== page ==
A Mass of Dedication for the renovated Chapel of the Immaculate Conception was celebrated Oct. 31. The Mass formally unveiled the historic chapel to students, faculty, clergy and friends of the university. Archbishop John J. Myers was the main celebrant while Msgr. Robert Sheeran, SHU president, served as the homilist.
Since opening 145 years ago, the chapel has been the spiritual heart of SHU. Designed by Jeremiah O'Rourke, the noted Newark architect, it was built of local sandstone in the Gothic Revival style of the mid-19th century. In size and design, the chapel is similar to a medieval English village church. Most Rev. James R. Bayley, the first bishop of Newark, laid the cornerstone of the chapel on May 21, 1863 and it was dedicated on Feb. 7, 1870.
Msgr. Sheeran, in developing the university's "Ever Forward" capital campaign, made the restoration of the chapel a top priority and appointed a committee to oversee the project. Father Paul Holmes chaired the committee and was succeeded by Father C. Anthony Ziccardi. Committee members included Msgr. James M. Cafone, Msgr. Robert Wister and Father James Spera.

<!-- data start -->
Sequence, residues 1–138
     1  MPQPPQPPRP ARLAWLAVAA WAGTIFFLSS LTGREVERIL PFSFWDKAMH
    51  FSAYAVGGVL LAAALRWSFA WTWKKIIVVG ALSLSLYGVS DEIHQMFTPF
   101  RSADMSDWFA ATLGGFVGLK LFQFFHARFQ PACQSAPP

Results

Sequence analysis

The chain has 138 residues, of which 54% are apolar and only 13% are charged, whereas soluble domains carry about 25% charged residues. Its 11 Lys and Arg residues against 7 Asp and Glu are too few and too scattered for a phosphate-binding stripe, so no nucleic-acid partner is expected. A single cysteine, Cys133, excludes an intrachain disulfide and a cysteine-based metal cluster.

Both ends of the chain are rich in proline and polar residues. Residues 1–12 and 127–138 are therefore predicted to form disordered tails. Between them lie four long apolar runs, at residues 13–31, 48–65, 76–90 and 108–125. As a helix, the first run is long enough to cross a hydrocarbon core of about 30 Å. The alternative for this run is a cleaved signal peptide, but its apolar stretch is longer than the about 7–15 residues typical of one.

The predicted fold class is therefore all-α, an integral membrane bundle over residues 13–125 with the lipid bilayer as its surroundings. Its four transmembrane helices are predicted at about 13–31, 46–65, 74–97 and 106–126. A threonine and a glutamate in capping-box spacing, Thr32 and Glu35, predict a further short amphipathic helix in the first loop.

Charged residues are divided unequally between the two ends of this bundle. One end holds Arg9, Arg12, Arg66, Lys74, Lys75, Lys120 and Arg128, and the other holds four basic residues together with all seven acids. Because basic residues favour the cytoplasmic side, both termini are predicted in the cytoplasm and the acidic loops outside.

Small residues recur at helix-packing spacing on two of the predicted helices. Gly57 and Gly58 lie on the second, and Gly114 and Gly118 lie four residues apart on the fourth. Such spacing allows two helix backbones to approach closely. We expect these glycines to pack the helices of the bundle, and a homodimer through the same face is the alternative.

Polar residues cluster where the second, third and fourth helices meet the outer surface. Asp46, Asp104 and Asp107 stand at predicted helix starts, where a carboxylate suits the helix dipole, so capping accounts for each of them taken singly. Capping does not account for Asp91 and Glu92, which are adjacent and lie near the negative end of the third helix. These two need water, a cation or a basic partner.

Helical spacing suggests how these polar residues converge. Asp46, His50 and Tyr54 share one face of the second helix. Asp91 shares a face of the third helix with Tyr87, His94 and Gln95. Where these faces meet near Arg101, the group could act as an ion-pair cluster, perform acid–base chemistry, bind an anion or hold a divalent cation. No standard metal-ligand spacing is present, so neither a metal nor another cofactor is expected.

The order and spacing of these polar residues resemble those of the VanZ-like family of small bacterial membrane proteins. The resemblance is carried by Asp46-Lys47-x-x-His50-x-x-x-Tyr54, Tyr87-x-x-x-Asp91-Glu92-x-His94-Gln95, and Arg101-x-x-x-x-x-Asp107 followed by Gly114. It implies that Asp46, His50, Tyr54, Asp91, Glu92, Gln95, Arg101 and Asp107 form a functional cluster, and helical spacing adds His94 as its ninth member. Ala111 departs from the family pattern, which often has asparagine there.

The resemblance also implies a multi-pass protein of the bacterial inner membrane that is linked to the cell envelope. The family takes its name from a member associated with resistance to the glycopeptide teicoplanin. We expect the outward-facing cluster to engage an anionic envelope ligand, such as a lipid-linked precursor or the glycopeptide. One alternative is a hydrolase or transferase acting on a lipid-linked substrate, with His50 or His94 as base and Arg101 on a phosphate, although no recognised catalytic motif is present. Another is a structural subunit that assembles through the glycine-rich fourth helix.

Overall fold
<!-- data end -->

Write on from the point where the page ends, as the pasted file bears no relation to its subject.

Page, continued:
Michael A. Marconi, SHU project manager for facilities engineering, coordinated the restoration effort. Work began Dec. 27, 2007 and was completed in October. The nephew of Most Rev. Dominic A. Marconi, Auxiliary Bishop Emeritus of Newark, Marconi said the words "renovation, restoration, and renewal" have guided the project.
Barteluce Architects & Associates, New York, was chosen as coordinating architect for the project renovation and Frankoski Construction, East Orange, was selected as the general contractor providing construction management and coordination for all of the various trades. Elite Restoration, Philadelphia, replaced stone and pointed the mortar. The chapel's masonry restoration received the 2007 New Jersey Golden Trowel Award for best restoration, presented by the International Masonry Institute, Annapolis, MD.
Granda Liturgical of Madrid, Spain, was responsible for interior liturgical elements and woodworking and Evergreene Painting Studios, New York, restored the chapel's murals. Femenalla & Associates, Annandale, renovated the chapel's stained-glass windows, originally installed by Franz Meyer of Munich, Germany, in 1908 and 1931.
The restored ceiling beams display a distinctive chevron design highlighted by the use of gold leaf. The backdrop for the beams is a blue ceiling with silver-leaf stars, which is typical for many Gothic and Gothic Revival churches. Along the walls, the Stations of the Cross, designed by Raffl Studios of Paris in 1936, have been restored to their original form and color.
(Editor's note: Msgr. Robert Wister, associate professor of Church History at Immaculate Conception Seminary, SHU, provided background information for this article.)